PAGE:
There is a TON of hype around ChatGPT. Let’s start with a basic definition. What is ChatGPT and why care? ChatGPT is a natural language processing tool driven by AI technology that allows you to have human-like conversations and much more with a chatbot. The language model can answer questions, and assist you with tasks such as composing emails, essays, and code. This type of technology has been around for a while but with AI and recent improvements, it’s becoming extremely effective at providing many use cases.
Why care in regard to cyber security? I can answer this with both a positive and negative outlook.
Positives of ChatGTP
There continues to be new use cases for this type of technology however, the following are some of the most interesting use cases.
- Language – Threat actors come from all parts of the global and language is often a barrier when performing threat research. I have been flagged many times for “not sounding local” and bounced from forums. ChatGPT could help remove this barrier opening up doors for threat research and collaboration with various global groups.
- Simplified coding – Higher levels of security maturity require automation and orchestration. There is just too much data and tasks to manually run a security operation center. One of the biggest challenges with automation and orchestration is coding aka DevOps. ChatGPT opens the door for people without coding skills to convert voice into code leading to simplified DevOps.
- Speed – The combination of other factors such as language barriers being broken down, simplified coding and other voice enabled automated tasks can dramatically improve the speed of delivering services.
- Threat evaluation: AI continues to bring exciting new ways to detect threats and ChatGPT can be grouped within that thought process. Malware is code so if ChatGPT can simplify understanding code, then it can also help identify potential malicious code.
Negatives of ChatGTP:
A lot of the positives can be flipped into negatives as well. There are rules in place for how ChatGPT is supposed to be used hence creating malware or phishing attacks are supposed to not be permitted however, we all know threat actors will find a way to abuse something that works regardless of the rules in place. Here are some examples of how ChatGPT in theory could be used by threat actors.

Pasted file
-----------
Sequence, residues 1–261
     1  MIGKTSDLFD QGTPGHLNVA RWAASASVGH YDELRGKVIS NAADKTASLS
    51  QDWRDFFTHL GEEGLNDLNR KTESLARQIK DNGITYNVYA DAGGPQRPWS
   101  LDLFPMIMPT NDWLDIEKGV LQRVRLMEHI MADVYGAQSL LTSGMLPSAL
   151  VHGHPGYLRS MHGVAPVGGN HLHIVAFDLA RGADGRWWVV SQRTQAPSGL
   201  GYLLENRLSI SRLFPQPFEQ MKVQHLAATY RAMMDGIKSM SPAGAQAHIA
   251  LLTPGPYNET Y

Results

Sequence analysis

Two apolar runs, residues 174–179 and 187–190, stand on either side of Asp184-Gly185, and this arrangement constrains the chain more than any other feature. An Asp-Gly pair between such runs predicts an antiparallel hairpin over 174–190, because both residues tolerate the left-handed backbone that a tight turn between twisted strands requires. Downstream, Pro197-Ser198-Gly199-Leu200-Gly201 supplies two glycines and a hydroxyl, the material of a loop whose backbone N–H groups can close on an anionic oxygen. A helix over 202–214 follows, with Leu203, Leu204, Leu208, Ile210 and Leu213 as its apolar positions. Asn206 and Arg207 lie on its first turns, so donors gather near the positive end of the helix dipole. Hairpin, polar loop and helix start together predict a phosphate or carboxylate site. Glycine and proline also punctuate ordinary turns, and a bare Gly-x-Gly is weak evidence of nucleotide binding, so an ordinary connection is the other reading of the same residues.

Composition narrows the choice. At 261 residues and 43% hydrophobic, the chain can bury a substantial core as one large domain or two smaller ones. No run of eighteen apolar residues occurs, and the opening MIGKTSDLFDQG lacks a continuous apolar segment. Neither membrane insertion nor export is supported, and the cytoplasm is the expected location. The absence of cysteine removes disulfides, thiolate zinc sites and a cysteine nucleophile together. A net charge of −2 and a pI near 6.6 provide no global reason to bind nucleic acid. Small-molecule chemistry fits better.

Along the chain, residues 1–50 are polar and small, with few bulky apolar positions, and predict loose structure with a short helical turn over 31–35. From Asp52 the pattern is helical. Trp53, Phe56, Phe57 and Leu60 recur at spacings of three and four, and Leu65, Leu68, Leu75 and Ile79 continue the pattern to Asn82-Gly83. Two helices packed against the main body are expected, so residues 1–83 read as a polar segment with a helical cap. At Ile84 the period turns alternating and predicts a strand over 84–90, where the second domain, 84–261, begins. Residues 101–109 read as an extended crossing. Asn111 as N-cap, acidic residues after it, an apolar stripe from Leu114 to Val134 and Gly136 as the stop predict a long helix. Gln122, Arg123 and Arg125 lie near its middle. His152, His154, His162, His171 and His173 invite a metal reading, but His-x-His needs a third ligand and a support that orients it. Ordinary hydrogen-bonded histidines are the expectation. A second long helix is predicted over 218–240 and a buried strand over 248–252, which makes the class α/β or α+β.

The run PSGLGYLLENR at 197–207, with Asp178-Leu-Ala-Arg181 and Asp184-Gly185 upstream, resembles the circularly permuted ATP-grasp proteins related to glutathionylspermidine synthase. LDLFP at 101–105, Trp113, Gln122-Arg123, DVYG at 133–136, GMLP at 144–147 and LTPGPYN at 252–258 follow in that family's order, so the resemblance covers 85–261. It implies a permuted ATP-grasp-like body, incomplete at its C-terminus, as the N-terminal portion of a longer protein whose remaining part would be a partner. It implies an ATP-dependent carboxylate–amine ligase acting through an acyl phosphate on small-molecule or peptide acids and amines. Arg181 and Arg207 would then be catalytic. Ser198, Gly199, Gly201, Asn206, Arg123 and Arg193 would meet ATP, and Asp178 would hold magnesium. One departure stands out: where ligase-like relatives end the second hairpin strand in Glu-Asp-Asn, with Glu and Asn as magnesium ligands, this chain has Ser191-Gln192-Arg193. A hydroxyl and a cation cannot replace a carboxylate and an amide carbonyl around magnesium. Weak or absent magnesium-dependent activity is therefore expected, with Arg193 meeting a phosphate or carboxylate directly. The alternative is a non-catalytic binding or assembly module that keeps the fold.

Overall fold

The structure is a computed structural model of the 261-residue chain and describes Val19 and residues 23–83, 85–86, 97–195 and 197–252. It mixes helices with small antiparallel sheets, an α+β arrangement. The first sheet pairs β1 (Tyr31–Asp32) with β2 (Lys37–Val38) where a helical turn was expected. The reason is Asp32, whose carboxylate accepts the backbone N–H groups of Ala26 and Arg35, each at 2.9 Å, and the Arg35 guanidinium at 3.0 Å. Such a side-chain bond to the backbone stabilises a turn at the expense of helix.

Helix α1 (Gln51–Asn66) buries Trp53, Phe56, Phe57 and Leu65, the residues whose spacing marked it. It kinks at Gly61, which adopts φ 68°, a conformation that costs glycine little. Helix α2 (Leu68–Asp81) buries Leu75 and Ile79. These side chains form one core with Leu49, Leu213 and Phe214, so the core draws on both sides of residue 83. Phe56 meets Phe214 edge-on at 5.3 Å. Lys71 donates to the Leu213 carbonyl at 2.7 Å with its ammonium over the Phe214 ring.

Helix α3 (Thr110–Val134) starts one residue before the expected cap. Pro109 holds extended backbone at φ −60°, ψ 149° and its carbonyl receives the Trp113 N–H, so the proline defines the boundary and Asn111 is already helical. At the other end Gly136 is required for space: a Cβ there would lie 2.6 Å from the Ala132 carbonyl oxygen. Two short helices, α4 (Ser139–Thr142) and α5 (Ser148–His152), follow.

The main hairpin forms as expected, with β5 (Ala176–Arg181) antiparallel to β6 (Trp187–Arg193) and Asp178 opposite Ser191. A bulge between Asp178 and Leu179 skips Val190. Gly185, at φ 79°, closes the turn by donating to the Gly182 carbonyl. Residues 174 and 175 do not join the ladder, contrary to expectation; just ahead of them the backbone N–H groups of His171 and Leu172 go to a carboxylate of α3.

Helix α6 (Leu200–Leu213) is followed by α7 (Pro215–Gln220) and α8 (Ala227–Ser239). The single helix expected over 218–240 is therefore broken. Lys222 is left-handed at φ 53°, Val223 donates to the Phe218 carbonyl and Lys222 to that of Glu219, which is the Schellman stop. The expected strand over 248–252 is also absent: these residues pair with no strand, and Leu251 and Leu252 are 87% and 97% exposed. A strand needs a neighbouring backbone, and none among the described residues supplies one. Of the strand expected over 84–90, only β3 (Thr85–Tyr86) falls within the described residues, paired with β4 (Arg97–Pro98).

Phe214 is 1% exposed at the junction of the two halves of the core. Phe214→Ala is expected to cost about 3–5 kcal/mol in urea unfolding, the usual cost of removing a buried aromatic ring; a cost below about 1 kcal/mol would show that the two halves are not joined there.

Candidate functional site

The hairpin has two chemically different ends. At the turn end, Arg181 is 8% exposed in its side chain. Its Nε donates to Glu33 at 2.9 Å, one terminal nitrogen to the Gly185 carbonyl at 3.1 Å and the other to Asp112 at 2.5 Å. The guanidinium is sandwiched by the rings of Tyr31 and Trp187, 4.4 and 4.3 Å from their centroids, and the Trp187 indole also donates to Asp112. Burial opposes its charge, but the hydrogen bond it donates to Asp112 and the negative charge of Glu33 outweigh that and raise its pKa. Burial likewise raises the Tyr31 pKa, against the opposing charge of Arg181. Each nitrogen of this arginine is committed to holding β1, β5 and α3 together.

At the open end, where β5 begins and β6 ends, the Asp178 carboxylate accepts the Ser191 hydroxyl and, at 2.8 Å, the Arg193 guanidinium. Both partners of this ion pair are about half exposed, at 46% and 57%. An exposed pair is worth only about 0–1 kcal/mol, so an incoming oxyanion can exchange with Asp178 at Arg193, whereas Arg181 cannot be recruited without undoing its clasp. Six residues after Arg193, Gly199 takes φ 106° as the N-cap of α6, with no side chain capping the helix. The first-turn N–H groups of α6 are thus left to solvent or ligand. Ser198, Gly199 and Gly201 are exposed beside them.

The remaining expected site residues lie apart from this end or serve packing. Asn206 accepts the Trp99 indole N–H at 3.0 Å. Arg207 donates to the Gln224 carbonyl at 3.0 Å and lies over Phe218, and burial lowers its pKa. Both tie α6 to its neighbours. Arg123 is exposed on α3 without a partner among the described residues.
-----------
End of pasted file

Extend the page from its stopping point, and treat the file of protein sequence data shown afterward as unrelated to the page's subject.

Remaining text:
- Language – Threat actors come from all parts of the global and language is often a barrier when attacking targets. ChatGPT can clean up the common “broken language signs” found in phishing emails or other phishing related attacks making phishing a much bigger threat.
- Simplified coding – Threat actors can generate more complex malware using the same coding simplification concepts as any programmer could use.
- Speed – The combination of other factors such as language barriers being broken down, simplified coding and other voice enabled automated tasks can dramatically increase the number of new threat actors as well as volume of attacks.
- Creating Fake Profiles – Since language is no longer a barrier, ChatGPT can dramatically improve the quality of fake accounts and bot behavior making more unwanted noise and increasing targeted attack campaigns.
- Defense bypass – AI based code analysis can be used to help threat actors bypass defense tools faster and more effectively.
I want to stress that ChatGPT and other AI driven platforms don’t want their tools abused and will try to reduce malicious behavior. The unfortunate byproduct of any good thing is it can be abused and its best we all view the potential value of ChatGPT as both something that will have both a positive and negative impact in the cyber community. I relate this to the similar situation of when crypto currency was introduced. Many saw the value of what crypto currency meant to banking but it also made Ransomware become a huggggggge problem since threat actors could have an anomalous way to accept ransom payment. Hopefully, the positives of ChatGPT will outweigh the negatives. Only time will tell …..